Breein Tyree is the best player in the Southeastern conference.
There are a litany of arguments in Tyree’s favor, but the strongest is addition by subtraction.
Tyree, the 6-foot-2 senior guard from Somerset, New Jersey, has never had this opportunity before. Last season, Tyree was the leading scorer, but it was Terence Davis’ team. His sophomore season, Deandre Burnett was the lead scoring guard. In Tyree’s freshman season, he only averaged 19 minutes per game. In high school, Tyree shared the court with Karl Anthony Towns (first overall pick in the 2015 NBA draft), Wade Baldwin (17th pick in the 2016 NBA draft) and Tyus Battle (an all-ACC guard for Syracuse and member of the Minnesota Timberwolves system).
Tyree is also the only remaining player in the SEC from last season’s all-conference teams. At SEC media days, Tyree was selected to the preseason first team but not picked as the preseason favorite for player of the year. That honor was bestowed upon Kerry Blackshear of Florida, who Tyree will have the chance to play against in January.
Simply put: in over seven years, this is Tyree’s best opportunity to take the reins of a program and prove to the country that he is one of college basketball’s premiere guards.
Don’t take my word for it. Let the numbers do the talking.
Tyree is the unquestioned leader of the team and the Rebels’ most lethal scoring threat. Kermit Davis’ team will be tasked with replacing Terence Davis and his 15.2 points per game, and it’s not a stretch to imagine that Tyree will assume the lionshare of Terence Davis’ workload.
Last season, following Burnett’s departure, Tyree increased his shots per game from 9.7 to 13, his minutes from 25.2 to 33.8 and free throws from 2.5 to 4.7. All of his percentages increased as well. On shots inside the arc, Tyree shot 46% (39% in 2017-18). He increased his three-point percentage from 35.6% to 37.5% and increased his free throw percentage from 70% to 81% on nearly double the amount of attempts.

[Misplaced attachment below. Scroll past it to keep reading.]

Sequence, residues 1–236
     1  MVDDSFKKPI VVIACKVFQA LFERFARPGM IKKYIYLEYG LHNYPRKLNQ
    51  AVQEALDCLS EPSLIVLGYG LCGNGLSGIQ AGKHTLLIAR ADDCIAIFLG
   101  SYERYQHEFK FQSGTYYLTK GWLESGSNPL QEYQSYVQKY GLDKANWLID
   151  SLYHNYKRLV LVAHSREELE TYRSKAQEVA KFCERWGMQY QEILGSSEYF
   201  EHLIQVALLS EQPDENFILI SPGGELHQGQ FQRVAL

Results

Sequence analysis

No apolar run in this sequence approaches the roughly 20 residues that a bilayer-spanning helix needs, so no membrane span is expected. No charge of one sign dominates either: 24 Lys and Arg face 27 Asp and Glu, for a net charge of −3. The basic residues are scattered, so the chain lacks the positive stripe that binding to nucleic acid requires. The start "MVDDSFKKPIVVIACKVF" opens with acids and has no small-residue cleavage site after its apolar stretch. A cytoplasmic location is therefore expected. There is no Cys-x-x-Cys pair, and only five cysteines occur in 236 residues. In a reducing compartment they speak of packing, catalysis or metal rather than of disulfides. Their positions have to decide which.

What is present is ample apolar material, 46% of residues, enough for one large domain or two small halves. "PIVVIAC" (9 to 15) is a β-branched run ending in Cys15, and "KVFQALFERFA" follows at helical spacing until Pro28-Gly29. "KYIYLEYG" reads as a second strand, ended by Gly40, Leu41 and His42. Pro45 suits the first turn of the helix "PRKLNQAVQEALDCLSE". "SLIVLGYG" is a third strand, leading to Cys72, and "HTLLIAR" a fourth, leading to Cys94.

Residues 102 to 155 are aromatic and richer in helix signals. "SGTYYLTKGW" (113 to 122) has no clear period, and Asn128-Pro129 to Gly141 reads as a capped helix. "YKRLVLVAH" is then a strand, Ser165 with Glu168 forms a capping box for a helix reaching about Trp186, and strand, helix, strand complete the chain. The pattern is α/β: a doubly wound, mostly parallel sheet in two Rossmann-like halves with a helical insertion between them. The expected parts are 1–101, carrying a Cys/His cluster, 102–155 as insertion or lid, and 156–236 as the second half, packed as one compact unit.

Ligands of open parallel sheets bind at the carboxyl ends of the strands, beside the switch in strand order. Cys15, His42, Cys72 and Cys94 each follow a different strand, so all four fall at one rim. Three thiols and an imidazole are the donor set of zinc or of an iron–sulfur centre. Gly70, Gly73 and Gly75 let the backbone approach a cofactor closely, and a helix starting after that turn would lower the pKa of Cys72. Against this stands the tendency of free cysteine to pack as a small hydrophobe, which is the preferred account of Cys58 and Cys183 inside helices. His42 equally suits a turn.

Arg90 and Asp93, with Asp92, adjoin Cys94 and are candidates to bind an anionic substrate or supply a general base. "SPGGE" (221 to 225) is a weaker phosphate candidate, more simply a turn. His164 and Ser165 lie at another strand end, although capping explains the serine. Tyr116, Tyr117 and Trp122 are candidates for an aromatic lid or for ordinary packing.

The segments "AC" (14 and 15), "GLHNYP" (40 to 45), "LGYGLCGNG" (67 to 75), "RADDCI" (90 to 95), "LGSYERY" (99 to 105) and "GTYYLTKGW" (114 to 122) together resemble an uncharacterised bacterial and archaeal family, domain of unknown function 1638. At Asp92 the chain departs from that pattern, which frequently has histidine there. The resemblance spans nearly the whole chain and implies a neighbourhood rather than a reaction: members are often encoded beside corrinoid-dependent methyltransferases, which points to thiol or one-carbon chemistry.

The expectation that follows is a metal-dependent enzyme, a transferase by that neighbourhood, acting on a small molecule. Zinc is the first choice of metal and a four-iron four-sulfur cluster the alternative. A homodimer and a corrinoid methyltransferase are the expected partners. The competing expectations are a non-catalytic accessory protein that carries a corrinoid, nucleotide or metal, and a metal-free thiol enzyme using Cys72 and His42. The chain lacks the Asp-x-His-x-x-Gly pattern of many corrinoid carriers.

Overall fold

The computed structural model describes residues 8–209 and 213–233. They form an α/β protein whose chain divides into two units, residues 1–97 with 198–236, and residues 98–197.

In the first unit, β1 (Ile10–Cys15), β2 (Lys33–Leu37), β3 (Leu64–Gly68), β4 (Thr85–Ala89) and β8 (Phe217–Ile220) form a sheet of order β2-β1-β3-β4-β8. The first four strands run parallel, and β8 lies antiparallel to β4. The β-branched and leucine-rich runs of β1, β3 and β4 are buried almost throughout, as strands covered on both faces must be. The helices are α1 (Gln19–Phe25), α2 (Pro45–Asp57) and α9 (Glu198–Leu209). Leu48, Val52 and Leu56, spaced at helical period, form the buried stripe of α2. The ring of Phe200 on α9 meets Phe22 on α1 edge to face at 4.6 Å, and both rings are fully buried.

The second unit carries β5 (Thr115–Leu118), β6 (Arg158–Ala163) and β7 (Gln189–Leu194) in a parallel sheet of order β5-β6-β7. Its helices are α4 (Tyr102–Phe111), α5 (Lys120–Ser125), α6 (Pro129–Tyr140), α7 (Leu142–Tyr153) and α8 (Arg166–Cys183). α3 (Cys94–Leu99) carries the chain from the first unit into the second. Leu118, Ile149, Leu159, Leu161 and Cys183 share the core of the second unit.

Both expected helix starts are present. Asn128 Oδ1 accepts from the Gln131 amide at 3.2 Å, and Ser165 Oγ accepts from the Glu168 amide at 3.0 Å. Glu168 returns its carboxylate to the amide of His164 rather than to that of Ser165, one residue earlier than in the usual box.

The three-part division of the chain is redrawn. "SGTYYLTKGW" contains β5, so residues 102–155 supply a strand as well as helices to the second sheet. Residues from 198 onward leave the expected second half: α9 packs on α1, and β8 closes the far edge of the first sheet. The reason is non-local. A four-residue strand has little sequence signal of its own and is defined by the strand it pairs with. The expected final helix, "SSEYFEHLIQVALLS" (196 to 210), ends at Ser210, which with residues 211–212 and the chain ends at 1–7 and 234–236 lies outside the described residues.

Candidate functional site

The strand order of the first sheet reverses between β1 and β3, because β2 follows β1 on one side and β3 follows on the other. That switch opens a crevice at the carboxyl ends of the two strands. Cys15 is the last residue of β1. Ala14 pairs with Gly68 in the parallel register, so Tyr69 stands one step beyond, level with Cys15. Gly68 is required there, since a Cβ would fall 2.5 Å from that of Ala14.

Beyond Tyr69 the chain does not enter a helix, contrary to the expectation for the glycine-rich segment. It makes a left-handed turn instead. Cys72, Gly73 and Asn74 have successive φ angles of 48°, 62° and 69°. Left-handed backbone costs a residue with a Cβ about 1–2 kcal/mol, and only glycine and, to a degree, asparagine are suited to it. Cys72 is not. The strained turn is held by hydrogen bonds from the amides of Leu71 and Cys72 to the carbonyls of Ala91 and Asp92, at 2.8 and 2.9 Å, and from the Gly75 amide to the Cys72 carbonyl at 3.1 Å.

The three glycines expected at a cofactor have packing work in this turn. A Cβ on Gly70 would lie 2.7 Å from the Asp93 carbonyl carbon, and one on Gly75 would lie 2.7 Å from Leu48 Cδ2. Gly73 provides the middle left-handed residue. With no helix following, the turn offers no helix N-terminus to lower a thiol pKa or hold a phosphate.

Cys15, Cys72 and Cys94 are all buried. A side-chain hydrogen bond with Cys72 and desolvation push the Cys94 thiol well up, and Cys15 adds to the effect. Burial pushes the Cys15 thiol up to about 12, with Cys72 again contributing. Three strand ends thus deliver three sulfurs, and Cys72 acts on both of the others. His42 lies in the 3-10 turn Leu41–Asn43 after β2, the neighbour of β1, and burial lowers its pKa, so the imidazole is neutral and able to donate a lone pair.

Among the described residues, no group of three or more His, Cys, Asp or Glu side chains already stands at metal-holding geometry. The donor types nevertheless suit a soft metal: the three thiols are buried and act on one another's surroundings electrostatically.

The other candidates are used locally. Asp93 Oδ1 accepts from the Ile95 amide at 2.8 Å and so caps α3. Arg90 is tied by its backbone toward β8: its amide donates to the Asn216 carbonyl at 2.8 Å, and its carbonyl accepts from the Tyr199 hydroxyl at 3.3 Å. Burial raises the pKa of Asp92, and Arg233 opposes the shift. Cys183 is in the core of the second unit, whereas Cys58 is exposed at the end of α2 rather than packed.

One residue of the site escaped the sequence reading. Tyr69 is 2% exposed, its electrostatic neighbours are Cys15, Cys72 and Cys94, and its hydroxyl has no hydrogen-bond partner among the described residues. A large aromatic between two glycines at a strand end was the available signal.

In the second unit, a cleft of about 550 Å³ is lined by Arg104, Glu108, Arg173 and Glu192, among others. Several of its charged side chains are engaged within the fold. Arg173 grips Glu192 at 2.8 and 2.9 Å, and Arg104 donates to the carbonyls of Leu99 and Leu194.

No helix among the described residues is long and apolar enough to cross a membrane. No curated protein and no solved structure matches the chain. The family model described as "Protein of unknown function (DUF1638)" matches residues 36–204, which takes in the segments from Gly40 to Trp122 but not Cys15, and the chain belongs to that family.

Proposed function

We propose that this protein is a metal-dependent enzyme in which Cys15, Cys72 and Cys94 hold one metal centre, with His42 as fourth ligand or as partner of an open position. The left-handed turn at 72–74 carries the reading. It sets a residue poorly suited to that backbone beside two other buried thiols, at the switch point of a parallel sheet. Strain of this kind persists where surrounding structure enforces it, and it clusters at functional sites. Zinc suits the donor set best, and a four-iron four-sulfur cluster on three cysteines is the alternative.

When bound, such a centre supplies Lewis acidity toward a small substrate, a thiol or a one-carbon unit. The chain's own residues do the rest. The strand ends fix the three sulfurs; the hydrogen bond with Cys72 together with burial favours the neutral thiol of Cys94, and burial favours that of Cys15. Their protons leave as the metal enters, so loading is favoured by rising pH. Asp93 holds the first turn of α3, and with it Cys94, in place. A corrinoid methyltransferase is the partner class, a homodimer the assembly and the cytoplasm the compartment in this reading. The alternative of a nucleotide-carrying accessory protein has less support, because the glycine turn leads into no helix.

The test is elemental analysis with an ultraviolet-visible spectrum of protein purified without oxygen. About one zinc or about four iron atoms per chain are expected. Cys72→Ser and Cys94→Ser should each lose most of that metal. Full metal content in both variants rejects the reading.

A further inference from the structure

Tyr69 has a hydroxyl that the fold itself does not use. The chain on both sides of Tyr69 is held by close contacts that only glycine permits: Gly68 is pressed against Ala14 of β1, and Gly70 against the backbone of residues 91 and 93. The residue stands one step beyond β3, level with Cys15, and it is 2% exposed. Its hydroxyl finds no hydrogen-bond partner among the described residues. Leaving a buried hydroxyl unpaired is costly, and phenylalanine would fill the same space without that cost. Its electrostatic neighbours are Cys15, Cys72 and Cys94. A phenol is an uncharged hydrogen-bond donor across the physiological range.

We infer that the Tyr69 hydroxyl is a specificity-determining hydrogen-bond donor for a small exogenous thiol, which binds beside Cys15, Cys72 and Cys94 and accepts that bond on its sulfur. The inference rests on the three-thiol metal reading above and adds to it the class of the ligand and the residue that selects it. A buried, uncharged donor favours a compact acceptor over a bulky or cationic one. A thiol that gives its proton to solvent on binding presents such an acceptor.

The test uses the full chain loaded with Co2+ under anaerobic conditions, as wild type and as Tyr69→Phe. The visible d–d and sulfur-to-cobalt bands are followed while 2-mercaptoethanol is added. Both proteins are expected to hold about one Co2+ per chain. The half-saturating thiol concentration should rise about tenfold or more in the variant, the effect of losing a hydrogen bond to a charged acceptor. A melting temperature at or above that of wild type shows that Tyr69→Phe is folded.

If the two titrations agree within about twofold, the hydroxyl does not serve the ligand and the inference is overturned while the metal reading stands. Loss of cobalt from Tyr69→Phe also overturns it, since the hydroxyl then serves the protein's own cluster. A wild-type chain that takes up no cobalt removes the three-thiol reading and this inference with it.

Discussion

Tyree is also the most efficient player returning to the SEC, according to KenPom. Last season, Tyree logged an offensive rating of 111.7, meaning that per every 100 possessions of basketball, Tyree generated 25.2 points for Ole Miss. He also was third in the SEC in minutes played, appearing in 84.3% of available minutes. That number will only increase as Kermit Davis can’t stagger the minutes of Tyree and Terence Davis anymore.
But it’s not all roses for Tyree. With Terence Davis’ departure comes the departure of his shot creation, something Tyree has struggled with since becoming a fixture in Ole Miss’ backcourt. In three seasons in Oxford, Tyree has never averaged over three assists per game. Last season, he averaged 2.8 assists per game despite having a 25.2 usage rate (good for 12th in the SEC). In fact, in 99 games played, Tyree has logged over five assists only four times and has never logged more than six.
At Ole Miss media day in September, Tyree said that he definitely needs to improve his playmaking this season.
“My assists were 2.9-3 last season, (and) I want to bring it to at least five,” he said.
He was one of 24 invitees to Chris Paul’s point guard camp this summer, where offensive distribution was emphasized. After all, CP3 is the point god.
Tyree is not a point guard, though. He’s a combo guard who will occasionally initiate the offense in the halfcourt, so a low-ish assist rate is expected. However, as teams begin to cater defensive schemes to stopping Tyree offensively, he must become a more potent distributor if this team projects any success later in the season. It’s also necessary if Tyree has any hopes of being drafted.
He tested the NBA waters this offseason, entering his name into the draft without signing an agent, which allowed him to return to school for his senior season. Right now, Tyree doesn’t project as an NBA-caliber shooting guard.
He’s undersized for the position, doesn’t shoot the three ball at a high enough percentage to make up for his passing woes and is only an average to above-average defender. However, he’s a violent leaper and excels in the open court. His shot selection has rapidly improved over three seasons in Oxford and is a strong finisher around the rim. Terence Davis wasn’t a pro-prospect at this time last season, and now he’s logging legitimate minutes for the defending-champion Toronto Raptors.
This is Tyree’s moment. He’s on the watchlist for the Jerry West Award, an all-SEC preseason player and will likely be named to the Naismith Player of the Year watchlist come December. However, with expectations come responsibilities. As the face of a burgeoning program, Tyree must improve his play to an All-American level, not just all-SEC. The good news? The numbers say he will.